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JOURNAL ARTICLE
REVIEW

Huntington's disease: pathological mechanisms and therapeutic strategies

Shilpa Ramaswamy, Kathleen M Shannon, Jeffrey H Kordower
Cell Transplantation 2007, 16 (3): 301-12
17503740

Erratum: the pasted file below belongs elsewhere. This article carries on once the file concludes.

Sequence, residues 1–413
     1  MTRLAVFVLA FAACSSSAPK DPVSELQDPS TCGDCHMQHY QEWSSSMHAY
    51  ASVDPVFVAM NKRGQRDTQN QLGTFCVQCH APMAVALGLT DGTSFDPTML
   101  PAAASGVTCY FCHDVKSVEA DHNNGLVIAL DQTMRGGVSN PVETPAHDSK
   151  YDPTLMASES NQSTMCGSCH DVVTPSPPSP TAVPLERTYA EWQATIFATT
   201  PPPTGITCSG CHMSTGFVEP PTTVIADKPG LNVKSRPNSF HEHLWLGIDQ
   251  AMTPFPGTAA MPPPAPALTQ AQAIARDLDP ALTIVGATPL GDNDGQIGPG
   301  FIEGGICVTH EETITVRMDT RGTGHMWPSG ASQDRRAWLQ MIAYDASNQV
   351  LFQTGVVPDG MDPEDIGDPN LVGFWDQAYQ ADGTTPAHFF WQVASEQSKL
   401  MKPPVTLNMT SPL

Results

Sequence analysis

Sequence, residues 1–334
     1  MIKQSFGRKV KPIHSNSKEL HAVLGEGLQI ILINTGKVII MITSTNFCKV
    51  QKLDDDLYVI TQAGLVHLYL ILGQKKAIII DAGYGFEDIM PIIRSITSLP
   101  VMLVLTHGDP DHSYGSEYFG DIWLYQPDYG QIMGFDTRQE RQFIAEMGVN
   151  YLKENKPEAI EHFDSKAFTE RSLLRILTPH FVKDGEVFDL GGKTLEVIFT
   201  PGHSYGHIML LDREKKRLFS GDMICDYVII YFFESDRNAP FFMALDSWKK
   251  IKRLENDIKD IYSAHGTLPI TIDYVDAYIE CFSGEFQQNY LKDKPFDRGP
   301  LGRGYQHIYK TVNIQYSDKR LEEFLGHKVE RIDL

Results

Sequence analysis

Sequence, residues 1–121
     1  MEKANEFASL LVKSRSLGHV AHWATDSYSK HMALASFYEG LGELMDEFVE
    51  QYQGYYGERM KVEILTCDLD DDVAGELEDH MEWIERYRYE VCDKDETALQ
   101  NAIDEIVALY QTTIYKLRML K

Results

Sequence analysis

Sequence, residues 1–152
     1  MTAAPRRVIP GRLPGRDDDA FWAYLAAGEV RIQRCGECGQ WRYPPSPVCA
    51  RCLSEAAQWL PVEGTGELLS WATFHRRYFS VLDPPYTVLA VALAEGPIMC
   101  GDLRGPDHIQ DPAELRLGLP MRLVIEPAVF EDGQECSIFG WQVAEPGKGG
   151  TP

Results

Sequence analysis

Huntington's disease (HD) is a devastating neurodegenerative disorder that occurs in patients with a mutation in the huntingtin or IT15 gene. Patients are plagued by early cognitive signs, motor deficits, and psychiatric disturbances. Symptoms are attributed to cell death in the striatum and disruption of cortical-striatal circuitry. Mechanisms of cell death are unclear, but processes involving mitochondrial abnormalities, excitotoxicity, and abnormal protein degradation have been implicated. Many factors likely contribute to neuron death and dysfunction, and this has made it difficult to systematically address the pathology in HD. Pharmaceutical therapies are commonly used in patients to treat disease symptoms. These have limited benefit and do not address the inexorable disease progression. Several neuroprotective therapies are being evaluated in animal models of HD as well as in clinical trials. Similarly, cell replacement strategies such as fetal transplantation have been used in the clinic with minimal success, making future cell replacement strategies such as stem cell therapy uncertain. This review describes the disease pathology in HD and addresses many of the past and emerging therapeutic strategies.

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